Archaeologists have found the lost temple of Artemis

The ancient temple belonging to the goddess Artemis has been discovered after about 100 years of searching. Greek authorities reported the discovery late last week, saying it was found by archaeologists with the Archaeological School in Greece alongside the Ephorate of Euboea Antiquities. Excavation work has been underway for a handful of years.

Sadly, there's no single full temple left standing, but rather the remains of buildings which comprised the temple of Artemis. The various buildings that have been uncovered by researchers this year date from between the 6th and 2nd century BC, according to authorities, and they're joined by underground foundations including ones that belonged to monuments.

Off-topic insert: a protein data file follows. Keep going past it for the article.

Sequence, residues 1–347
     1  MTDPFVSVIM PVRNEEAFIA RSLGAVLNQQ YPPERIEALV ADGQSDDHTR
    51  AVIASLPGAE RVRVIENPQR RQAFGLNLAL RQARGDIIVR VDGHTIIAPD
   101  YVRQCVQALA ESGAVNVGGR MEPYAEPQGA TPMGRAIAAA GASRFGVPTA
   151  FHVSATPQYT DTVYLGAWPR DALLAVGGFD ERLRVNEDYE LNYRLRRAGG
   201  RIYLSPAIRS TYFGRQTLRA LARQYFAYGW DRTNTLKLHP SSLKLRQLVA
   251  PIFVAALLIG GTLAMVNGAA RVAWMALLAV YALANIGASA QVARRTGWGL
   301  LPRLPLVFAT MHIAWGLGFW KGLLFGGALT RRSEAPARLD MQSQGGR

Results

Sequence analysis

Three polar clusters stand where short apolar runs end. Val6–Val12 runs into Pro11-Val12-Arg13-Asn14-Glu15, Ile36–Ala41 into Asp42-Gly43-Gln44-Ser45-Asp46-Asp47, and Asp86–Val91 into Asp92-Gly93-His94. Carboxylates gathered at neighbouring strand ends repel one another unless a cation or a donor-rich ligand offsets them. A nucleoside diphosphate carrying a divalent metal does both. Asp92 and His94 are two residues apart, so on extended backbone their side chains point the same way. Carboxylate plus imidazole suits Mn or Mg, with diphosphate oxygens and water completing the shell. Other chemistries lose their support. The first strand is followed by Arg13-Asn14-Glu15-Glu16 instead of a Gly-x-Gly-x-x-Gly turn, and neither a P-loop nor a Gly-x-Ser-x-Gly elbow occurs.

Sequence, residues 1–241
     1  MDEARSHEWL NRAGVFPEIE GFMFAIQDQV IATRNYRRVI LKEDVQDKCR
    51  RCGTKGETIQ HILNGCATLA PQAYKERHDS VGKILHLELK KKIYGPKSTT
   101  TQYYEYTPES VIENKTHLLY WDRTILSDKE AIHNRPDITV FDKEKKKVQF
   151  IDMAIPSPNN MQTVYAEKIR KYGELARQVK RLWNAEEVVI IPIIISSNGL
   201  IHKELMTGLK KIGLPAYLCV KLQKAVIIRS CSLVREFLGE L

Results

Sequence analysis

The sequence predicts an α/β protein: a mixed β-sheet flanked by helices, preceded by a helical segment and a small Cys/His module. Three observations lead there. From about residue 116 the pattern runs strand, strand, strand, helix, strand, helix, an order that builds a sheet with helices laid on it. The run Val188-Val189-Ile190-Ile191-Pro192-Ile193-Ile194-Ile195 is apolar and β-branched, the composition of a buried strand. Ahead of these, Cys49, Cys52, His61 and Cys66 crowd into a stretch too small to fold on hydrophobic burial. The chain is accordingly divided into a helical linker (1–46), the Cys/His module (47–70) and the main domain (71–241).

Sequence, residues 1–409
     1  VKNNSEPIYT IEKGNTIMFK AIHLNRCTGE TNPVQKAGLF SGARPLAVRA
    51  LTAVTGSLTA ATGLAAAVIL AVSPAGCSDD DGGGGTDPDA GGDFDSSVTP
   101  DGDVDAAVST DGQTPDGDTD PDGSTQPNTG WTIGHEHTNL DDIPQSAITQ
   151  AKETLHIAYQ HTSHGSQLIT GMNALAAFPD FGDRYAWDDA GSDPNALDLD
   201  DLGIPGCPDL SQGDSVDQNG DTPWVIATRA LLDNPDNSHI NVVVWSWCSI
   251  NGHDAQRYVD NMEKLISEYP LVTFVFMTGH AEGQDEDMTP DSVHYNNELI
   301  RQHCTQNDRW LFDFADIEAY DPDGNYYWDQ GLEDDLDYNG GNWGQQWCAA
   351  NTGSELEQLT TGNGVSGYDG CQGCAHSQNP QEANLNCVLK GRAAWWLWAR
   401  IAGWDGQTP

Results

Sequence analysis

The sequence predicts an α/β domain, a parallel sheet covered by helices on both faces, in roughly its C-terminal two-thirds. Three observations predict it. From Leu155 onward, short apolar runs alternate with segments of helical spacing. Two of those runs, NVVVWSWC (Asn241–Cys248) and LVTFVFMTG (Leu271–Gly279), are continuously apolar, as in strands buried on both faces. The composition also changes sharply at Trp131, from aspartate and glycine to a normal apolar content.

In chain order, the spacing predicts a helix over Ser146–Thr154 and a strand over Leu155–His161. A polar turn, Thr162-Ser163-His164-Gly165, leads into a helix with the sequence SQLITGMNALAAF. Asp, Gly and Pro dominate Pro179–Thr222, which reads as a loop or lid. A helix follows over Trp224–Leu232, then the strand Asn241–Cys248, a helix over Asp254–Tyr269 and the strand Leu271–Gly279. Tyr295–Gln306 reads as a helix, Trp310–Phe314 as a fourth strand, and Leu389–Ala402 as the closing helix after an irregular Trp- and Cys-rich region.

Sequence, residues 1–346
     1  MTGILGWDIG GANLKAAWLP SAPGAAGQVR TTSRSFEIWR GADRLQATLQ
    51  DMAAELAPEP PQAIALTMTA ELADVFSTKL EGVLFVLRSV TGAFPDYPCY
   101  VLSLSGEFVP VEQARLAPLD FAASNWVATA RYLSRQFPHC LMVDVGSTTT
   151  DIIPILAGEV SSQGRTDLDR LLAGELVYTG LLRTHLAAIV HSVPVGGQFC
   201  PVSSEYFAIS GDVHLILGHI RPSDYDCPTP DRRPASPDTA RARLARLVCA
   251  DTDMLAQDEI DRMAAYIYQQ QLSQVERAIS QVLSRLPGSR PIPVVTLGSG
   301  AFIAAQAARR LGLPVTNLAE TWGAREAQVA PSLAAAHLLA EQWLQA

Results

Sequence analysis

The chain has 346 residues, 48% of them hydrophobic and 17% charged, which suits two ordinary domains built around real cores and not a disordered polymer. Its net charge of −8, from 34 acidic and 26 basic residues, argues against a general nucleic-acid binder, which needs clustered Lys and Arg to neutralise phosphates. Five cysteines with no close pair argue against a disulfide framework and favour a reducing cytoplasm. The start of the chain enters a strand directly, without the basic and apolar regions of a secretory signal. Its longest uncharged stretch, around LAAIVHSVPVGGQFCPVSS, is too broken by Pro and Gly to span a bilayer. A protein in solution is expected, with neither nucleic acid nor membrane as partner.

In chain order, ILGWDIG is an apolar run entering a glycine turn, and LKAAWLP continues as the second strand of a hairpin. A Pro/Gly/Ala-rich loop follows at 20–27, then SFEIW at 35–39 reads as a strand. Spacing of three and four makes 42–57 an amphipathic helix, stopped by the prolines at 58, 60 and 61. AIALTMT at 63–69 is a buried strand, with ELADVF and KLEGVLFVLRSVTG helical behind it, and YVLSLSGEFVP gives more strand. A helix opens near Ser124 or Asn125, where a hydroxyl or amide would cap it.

It took so long to find the temple due to the mistaken location recorded in an ancient document. The document researchers used to try and find the temple referred to it as being located about 1 mile from Eretria, a coastal city. However, the site was ultimately discovered closer to 7 miles away, a long enough distance to foil researchers for decades.

Researchers were able to identify the temple as belonging to Artemis due to sealed inscriptions on some bases and tiles that read the name 'Artemis.' There are also references to Lito, Artemis's mother, and her brother Apollo. The first discovery at the site was part of a gallery called a stoa, and that triggered further excavation that has ultimately resulted in confirmation.